Schofield Ave. Jonathan Schofield, early settler Jonathan Schofield was born around 1777 in Bucks County, Pennsylvania and was married to Eleanor Brown (1784-1858) in 1806.  The couple had at least ten children – Samuel, Sarah, William, Phebe, Mary, David, Margaret, Maria, Susanna and Joseph, many of whom went on to live in the area.  The family lived for some time in Virginia, but eventually settled in Marion County a few miles north of the city in the area around present day Schofield Avenue. The land around the area would later be developed as “Schofield Harrison & Co.” addition. Jonathan...

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Sunday Adverts: Leon Tailoring

In 1905, Leo Ettinger immigrated from Austria to Indiana and opened Leon Tailoring.  This ad, from 1944, features suits and frocks for the dapper men and women of Indianapolis.  Leon Tailoring Company still exists today, and is still hailed as a place Don Draper from Mad Men might go to get a suit.  Interesting factoid – in the 1970’s/1980’s, Leon Tailoring advertised by making suits for local wrestlers to wear, perhaps as a way to showcase their ability to make suits in any...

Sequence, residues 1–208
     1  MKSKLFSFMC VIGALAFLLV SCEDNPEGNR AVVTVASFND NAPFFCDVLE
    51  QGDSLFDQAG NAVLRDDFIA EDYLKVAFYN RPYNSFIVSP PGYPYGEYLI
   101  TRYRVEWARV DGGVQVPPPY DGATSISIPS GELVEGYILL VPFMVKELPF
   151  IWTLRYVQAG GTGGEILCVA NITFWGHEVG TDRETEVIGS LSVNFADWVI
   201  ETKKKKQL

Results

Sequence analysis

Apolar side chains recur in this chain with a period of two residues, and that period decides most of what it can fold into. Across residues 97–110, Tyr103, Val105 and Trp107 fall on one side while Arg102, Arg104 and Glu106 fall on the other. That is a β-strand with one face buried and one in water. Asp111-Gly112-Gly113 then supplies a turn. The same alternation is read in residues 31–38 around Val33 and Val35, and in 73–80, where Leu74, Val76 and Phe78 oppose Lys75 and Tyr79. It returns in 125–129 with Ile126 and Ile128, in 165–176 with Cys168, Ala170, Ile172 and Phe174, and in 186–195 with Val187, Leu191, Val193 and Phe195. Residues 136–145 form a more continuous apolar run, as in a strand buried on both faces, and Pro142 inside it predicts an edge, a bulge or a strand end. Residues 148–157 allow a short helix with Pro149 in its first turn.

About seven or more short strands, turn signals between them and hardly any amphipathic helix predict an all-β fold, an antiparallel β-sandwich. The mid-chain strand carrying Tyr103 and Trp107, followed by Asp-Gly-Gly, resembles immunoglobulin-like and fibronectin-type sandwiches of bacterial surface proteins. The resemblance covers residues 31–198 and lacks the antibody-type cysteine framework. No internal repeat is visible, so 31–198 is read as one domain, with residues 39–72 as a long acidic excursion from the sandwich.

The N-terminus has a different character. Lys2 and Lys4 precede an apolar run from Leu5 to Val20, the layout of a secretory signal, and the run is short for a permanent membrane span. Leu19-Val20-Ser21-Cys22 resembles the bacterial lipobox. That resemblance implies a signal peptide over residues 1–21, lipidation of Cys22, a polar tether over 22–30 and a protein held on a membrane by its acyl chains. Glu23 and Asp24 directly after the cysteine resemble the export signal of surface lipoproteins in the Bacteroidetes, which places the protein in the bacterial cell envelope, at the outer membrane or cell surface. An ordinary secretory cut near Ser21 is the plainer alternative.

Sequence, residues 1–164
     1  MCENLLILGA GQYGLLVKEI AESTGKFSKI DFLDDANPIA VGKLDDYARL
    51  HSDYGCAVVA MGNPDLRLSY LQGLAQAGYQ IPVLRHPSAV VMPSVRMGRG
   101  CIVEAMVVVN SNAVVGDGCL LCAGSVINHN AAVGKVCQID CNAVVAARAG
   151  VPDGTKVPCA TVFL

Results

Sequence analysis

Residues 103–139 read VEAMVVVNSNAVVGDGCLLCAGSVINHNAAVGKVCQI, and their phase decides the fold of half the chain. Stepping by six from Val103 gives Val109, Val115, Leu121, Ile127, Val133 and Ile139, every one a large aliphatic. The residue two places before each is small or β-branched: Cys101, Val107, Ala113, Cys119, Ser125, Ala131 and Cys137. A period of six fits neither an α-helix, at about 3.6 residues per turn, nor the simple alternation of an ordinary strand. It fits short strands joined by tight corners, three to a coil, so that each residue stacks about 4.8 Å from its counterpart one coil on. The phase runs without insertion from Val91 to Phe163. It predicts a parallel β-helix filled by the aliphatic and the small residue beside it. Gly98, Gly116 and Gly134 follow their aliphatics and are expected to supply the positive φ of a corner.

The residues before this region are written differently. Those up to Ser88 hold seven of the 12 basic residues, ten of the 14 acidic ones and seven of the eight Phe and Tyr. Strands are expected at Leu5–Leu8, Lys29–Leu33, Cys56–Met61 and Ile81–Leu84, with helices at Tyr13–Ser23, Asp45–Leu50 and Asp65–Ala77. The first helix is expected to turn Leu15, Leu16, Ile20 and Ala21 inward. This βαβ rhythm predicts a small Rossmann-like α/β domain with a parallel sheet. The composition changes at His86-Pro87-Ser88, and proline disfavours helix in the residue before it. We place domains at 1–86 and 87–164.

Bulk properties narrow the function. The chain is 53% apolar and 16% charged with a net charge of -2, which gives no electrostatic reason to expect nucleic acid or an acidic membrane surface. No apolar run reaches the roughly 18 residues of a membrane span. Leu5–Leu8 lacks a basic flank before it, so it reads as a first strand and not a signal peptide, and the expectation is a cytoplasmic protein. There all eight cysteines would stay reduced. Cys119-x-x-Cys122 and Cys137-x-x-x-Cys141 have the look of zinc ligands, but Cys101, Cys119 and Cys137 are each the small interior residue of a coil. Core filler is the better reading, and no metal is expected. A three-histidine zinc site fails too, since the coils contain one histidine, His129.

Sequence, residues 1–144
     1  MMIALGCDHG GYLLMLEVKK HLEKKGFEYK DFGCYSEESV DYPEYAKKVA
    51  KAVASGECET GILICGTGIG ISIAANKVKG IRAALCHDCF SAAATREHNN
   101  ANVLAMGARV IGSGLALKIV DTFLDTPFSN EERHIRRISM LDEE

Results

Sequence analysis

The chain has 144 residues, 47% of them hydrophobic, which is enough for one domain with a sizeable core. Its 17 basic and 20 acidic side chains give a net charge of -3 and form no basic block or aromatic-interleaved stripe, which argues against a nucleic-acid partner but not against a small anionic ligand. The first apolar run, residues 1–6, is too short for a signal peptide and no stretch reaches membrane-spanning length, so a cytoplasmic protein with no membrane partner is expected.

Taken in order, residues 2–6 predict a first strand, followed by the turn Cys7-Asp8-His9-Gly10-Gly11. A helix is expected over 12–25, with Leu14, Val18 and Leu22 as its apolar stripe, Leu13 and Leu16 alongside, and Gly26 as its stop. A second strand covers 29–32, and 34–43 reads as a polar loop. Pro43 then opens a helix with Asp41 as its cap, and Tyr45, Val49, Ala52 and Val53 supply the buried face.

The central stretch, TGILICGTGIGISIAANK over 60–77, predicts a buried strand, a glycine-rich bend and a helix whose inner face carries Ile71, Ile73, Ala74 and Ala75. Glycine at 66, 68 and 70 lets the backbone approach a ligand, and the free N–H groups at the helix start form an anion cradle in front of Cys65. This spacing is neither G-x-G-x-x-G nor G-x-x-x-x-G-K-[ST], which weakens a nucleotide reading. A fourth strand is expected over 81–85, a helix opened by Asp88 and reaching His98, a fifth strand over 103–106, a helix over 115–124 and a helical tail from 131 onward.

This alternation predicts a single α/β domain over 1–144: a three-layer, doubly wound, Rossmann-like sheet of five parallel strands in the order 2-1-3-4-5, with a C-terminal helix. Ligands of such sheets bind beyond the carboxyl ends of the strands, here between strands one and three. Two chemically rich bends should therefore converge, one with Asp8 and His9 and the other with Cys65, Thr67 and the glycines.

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Sunday Prayers: Being an Urban Pioneer, Being the Change

Future home buyer Aaron visits a North Square property in need of rehabilitation. Aaron, who is interested in purchasing and reviving a vacant home, has turned to Indianapolis Neighborhood Housing Partnership (INHP) for aid in the home buying process. (photo by Dawn Olsen) I was blind at first. Blind and choked by mold. It coated the walls—as black, as slick as oil—and it left me with heavy, heaving lungs. I couldn’t be inside; couldn’t breathe, couldn’t walk, couldn’t see the potential in the decaying house. So as I crouched on the sidewalk, coughing and spitting, I couldn’t understand why...

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Vintage Vittles: Dreaming of Sugar Cream Pie

I remember paging through my mom’s recipe box as a young girl. I pulled them out, one by one, and she identified their origins by the handwriting. There was instructions for my father’s fudge – famous at Christmas – and my grandpa’s Texas sheet cake recipe. There were hundreds of recipes in that box, some of which I got to know very well during my preteen and teenage years, during which I developed a bit of a baking compulsion. And, of course, there were the recipes I knew and loved that weren’t in the box, too. The recipe to my mamaw’s...

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Friday Favorite: What’s In Store?